I feel like I’m taking crazy pills. After reading an entire article on the problems that black and latino youth face in finding jobs, the author somehow concludes that hiking the minimum wage is a necessary step towards alleviating the problem. Actually, we are clued into the real intentions of the author by his suggestion that the federal minimum wage be raised to $10.10 an hour, which just so happens to be the minimum wage that President Obama has suggested, and the Senate will soon vote on. The article was more like an infomercial that addresses real problems, before offering a sham product.
As Sarah Ayres of the Center for American Progress points out, “With three job seekers for every available job, employers can hire people at an education level above what’s required for the actual position.” This trend benefits older workers.
Great, they understand the problem, I’m excited to see the solution.
Consequently raising the minimum wage to $10.10 an hour, lowering the wage gap between men and women, and expanding tax breaks for low-income workers—including those without children—would be great places to start. Together these programs would raise the incomes of tens of millions and lift millions more out of poverty.
Just one dose of snake oil, and you’ll be cured! I can’t understand who the target audience of this article is, as anyone who has learned to read should surely see how laughable these conclusions are. After spending 16 paragraphs lamenting the unfortunate rise in minority youth unemployment, somehow the solutions offered are to—apparently magically—lower the wage gap among people who are not necessarily young nor minorities. And as much as I’d love to delve into the wage gap debate, I’ll stay on target and let you explore an article by Jen Lade on the subject.
So then readers must further suspend disbelief to believe that tax breaks for people who have no jobs, and therefore no taxable income, will somehow help unemployed people get jobs. Let’s do the math: Jimmy makes $0 per year, and $0 of that is taxable income. With a tax break of 100%, Jimmy will be able to keep an additional $0 of his income. Yep that checks out, seems like tax breaks for the unemployed will certainly increase young black and latino employment prospects. Somehow the website that carries this article is apparently more successful than mine… maybe I should just start making stuff up and drawing erroneous, but caring sounding, conclusions?
Okay now back to the insane point at hand, that raising the minimum wage to $10.10 an hour will help decrease minority youth unemployment. This bit of logic may be a bit tough to follow, so try to stay with me: unemployed people do not have jobs. Only people with jobs will make more money when the minimum wage is raised.
Still with me? I know this economic mumbo jumbo is tough to understand. You might think that people who could not find a job that pays $7.25 an hour will somehow, through the omnipotence of government, be able to land the same job when it pays $10.10 an hour. Granted, the very same article says mere paragraphs earlier that 8 million people are looking for jobs, and ““With three job seekers for every available job, employers can hire people at an education level above what’s required for the actual position.” This trend benefits older workers.”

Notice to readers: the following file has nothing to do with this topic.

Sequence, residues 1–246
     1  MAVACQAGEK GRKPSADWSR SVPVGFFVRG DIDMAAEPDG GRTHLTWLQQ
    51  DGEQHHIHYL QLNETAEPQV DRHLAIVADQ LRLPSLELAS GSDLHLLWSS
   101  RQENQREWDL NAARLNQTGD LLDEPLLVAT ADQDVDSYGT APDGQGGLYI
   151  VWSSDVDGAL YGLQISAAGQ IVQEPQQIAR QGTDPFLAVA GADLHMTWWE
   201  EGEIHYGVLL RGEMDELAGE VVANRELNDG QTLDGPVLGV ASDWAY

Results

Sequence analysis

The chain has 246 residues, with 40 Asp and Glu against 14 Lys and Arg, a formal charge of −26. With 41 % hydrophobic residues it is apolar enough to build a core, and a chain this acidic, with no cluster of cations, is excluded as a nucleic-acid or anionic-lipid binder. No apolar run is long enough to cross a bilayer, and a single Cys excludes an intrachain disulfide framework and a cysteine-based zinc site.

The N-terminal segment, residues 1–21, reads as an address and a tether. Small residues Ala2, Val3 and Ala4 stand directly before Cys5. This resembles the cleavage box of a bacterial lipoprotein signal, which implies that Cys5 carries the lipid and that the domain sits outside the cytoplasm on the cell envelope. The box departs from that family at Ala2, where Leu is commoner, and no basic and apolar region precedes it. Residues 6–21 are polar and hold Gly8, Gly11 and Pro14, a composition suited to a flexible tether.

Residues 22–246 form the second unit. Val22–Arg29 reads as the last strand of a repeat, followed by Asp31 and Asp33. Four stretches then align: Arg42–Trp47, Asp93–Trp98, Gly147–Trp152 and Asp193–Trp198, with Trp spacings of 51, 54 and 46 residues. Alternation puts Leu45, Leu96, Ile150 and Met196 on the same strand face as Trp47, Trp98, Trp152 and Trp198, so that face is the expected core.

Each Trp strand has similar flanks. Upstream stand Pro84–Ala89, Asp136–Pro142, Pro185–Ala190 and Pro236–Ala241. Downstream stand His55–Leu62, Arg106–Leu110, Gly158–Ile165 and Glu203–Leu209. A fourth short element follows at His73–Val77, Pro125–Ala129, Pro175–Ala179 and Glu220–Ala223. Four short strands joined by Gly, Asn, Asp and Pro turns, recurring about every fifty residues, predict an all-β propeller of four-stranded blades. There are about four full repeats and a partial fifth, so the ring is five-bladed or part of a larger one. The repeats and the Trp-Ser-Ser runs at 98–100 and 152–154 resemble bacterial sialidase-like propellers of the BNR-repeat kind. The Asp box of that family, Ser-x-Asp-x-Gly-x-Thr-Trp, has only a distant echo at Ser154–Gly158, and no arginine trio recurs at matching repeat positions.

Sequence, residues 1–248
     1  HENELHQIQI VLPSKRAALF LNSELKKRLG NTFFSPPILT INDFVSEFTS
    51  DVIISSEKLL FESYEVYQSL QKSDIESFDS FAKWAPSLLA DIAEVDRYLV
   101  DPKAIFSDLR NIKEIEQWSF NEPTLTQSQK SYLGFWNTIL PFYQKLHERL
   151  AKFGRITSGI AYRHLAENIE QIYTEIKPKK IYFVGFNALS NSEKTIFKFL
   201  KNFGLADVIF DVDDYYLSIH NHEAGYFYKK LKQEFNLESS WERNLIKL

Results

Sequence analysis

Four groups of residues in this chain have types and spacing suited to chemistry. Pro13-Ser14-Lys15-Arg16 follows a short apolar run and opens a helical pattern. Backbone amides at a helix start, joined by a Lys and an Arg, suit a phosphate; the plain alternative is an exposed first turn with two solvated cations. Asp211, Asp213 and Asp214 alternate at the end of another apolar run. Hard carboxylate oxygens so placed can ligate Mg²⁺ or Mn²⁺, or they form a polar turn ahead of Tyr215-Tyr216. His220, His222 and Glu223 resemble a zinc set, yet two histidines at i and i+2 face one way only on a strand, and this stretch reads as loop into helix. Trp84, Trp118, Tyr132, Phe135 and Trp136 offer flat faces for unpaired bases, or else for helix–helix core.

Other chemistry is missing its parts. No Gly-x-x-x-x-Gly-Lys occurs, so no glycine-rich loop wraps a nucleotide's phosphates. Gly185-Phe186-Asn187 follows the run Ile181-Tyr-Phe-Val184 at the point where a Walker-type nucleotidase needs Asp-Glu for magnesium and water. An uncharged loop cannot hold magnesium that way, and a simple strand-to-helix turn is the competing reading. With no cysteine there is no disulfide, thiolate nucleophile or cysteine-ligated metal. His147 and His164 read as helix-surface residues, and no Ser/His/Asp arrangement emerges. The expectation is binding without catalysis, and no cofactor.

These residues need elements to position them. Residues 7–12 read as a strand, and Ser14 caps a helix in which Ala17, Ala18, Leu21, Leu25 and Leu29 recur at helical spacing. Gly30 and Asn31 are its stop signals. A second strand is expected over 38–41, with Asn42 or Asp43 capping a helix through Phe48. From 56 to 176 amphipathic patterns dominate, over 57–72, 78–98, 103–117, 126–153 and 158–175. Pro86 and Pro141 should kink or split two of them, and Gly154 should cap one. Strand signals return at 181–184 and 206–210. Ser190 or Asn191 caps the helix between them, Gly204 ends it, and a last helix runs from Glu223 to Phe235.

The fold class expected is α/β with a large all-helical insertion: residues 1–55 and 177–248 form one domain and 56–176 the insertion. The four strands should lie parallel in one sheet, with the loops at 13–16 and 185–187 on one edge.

So when a job requires a $7.25/hour skill-set, but the government mandates minimum pay of $10.10/hour, people with a $10.10/hour skill-set will be hired to do a job that requires a $7.25/hour skill-set. And how do you gain a $10.10/hour skill set? By working a job with a required $7.25/hour skill-set, until you have learned enough to warrant pay of $10.10/hour. How do you gain those skills if you already need better skills to land your first job? You don’t.
So you reject the premise that anyone has different skill-sets, and assert that flipping burgers and running a $10 billion company could be done equally well by anyone. You decide that it is the system that is working against you, and since you have no control over your situation, you sign up for welfare and public housing, and go down to the polls to vote for the politician that expands welfare, increases public housing, and raises the minimum wage—because they care.
Now, I assume that supply and demand still exists, but I haven’t checked all the recent legislation to see if perhaps a “Repeal of the Economic Principle of Supply and Demand Act” has been passed. Unless such is the case, and 2+2 now equals 5, then we must assume that the supply of jobs will decrease when the amount of money available for jobs stays the same, but the amount of money spent per job increases.
So we just made fewer jobs available, and the jobs that are available more sought after. More people applying for each job means more employer choice, which means better skill sets will be required to get a job. We have also established that the trend of unemployment benefits older workers with better skills, and that older workers are in fact taking lower paying jobs at an increasing rate. So please, please, can someone explain to me how, absent the availability of pixie dust, raising the minimum wage will increase minority youth employment?